I explained that the question is completely inappropriate and, in my opinion, is akin to asking about someone’s sex life because it’s asking about the conception of one’s children. “No it’s not! It’s completely different! There’s nothing wrong with that question!” She insisted. Furthermore, she said, “People ask me all the time if I did fertility treatment to have my twins and it doesn’t bother me a bit!”

“That’s because you didn’t do fertility treatment.”
“That’s not true!”
“You did do fertility treatment?”
“No, I didn’t. But if I did, I wouldn’t mind people asking me.”


I wrote about her earlier, actually. When I’d first found out she was pregnant. I couldn’t find the post to link to it. But she’s one of the sweetest, most generous, most supportive people I know. But she’s also one of the most clueless people I know when it comes to this stuff. She never could understand why I was petrified throughout my HOM pregnancy despite the fact that she was there through the times I was in and out of the hospital for preterm labor and through all the monitoring and bed rest and scary stuff that happened to me. But when I got to the end and had healthy babies her answer was, “See? You had healthy babies just like I said you would, I told you you shouldn’t be so worried.”


Here’s the thing. If you acknowledge that you’re speculating about something behind somebody’s back. And you acknowledge that you probably shouldn’t be. And if you’re not willing to walk straight up to that person and simply ask them the question outright, then surely you must recognize and acknowledge that there is something indecent and inappropriate about the question in the first place, don’t you??

The family isn’t sharing the details, and it’s none of anyone’s business. I know that I’m a bit of an enigma because I don’t exactly hide the fact that we did fertility treatment to get our three. But you know? There wasn’t really any hiding it anyway. We went through five years and a foster son before having HOMs – I’m pretty sure everyone figured it out!!! They’re not as dumb as I’d like to think they are. So I don’t hide it. But neither do I bring it up as casual dinner conversation, either, unless I’m with fellow infertiles or people who “get it.” It’s not something I expect people to bring up by asking if my children are natural.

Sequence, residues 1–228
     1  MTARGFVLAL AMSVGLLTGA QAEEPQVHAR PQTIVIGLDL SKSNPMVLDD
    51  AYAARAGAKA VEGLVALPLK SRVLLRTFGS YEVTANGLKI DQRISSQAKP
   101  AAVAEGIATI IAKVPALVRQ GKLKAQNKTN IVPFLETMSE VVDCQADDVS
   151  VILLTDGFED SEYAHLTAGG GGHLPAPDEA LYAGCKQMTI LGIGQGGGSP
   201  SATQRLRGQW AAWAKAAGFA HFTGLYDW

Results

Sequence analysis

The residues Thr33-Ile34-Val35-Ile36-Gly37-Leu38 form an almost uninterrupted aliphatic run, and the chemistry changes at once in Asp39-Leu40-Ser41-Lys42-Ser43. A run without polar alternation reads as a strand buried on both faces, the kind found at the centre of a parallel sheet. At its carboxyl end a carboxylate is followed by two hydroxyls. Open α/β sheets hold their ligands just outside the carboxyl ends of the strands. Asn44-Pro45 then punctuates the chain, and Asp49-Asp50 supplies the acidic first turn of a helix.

All babies are natural. There’s no such thing as a baby made out of space-age polymer.

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I’m going to say something that’s going to sound absolutely contrary to common sense. I do realize that I’m taking Lupron every day and that likely has something to do with my lack of sense right now and I probably shouldn’t be held responsible for my actions. Hell, being on Lupron should be reason enough to keep me away from a keyboard at all times, lest I do something stupid, like type something as nonesensical as I’m about to type. But, alas, if I kept myself away from the keyboard every time I was on Lupron, how would I fill the (virtual) pages of my blog? How would I keep my faithful readers on the edges of your seats?

No, I simply cannot stay away from the keyboard every time I’m shooting myself up with that G-dforsaken drug. That wouldn’t be fun for anyone, would it?

ANYWAY. On to my complete lack of logic.

I am petrified to get pregnant.

No, really! I am. I’ve had such a phenomenally crappy year that… I just… There’s this huge piece of me that just feels like it just couldn’t turn out well right now if I did get pregnant. But then again? Part of the crappiness this year has been the NOT getting pregnant and the canceled cycle, etc. So I dunno.

It’s really stupid, I know. But there’s also the fact that my two pregnancy experiences weren’t… great. The first one I bled for the entire first trimester and then miscarried a day into the second trimester. The second one was an HOM pregnancy in which I went into preterm labor at 17 weeks and spent most of the pregnancy petrified of losing all of the babies. I know that we’re doing everything right this time to avoid exactly that scenario, but there is good reason to believe I won’t necessarily have the easiest of pregnancies. You know, if I actually got pregnant in the first place, and if it lasted long enough to get to be crappy.

Sigh. I know that I’ll be ecstatic if I get pregnant and devastated if I don’t, so this is probably an exercise in frustration and futility. I don’t know why I’m even whining about it.